Things We Don’t Want To Think About

Today, I was asked that question everyone dreads having to ask. “My dad passed away suddenly last night. He took care of all the investments and taxes. My mom doesn’t know anything. What should she do?”

How can you and your spouse avoid being in this position? Today I will talk about the bare minimum of information you should share.

Even spouses who don’t know, and don’t want to know, anything about money should make sure there is a list of all investments, it is updated yearly, and you know where to find it. At minimum, the list should include all account numbers, the name of any personal banker or financial advisor and the location of any safe deposit boxes and their keys. If you have a tax professional that you trust who knows your situation, put that person’s name on the list too.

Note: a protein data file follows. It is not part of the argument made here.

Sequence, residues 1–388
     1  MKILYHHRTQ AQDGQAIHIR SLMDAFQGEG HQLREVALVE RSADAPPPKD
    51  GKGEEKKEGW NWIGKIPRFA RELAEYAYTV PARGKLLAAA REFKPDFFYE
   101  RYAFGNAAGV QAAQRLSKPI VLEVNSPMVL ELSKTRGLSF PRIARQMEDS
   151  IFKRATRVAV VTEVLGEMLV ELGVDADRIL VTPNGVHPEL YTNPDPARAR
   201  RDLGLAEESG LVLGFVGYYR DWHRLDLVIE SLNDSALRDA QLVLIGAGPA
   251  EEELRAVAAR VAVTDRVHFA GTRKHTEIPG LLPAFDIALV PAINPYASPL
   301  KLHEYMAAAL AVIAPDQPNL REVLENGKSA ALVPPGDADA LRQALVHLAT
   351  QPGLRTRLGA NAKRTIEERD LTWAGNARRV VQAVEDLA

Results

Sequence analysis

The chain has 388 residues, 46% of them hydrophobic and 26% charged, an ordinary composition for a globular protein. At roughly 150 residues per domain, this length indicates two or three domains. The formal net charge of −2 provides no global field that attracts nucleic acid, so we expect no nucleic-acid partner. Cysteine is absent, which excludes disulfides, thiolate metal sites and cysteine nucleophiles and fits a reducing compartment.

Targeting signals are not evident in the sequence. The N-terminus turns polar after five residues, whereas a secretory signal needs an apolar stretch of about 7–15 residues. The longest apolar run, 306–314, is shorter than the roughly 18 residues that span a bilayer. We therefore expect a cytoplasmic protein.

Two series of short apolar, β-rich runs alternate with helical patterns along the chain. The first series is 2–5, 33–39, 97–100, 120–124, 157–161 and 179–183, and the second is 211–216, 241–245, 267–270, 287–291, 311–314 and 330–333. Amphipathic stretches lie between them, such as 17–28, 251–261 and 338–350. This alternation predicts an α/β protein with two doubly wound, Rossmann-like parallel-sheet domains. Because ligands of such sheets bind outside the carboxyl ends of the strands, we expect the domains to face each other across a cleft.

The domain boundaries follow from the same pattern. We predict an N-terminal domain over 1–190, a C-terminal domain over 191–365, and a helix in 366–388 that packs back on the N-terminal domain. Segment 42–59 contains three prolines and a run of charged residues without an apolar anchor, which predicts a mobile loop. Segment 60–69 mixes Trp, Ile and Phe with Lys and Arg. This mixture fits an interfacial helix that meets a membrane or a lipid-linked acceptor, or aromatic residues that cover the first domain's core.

Do you have a will? Have you looked at it lately to make sure it still reflects your wishes? What about a medical directive? I recently had to take my mother to the emergency room, and that was the first question they asked. Do you have a power of attorney? Do your relatives know what your wishes are? Do they know where to find these documents? Add this to your list.

What bills do you pay every month? What are they for?
Do you have insurance? A pension? A death benefit? What is the contact information?
Are there automatic deposits being made into your account? Automatic payments coming out? When, why, how much?
Do you owe anyone any money? Who? How much? Contact information?

I advise my clients to sit down once a year, for an hour, and make sure their information is up to date. The New Year is an excellent time to do this.

So here’s a resolution for you. Make it a goal to print out this list, fill it out, share it with your spouse, and file it this week. Spend one hour, and then enjoy that peace of mind!

Next up: how do you find all this information if no one made a list?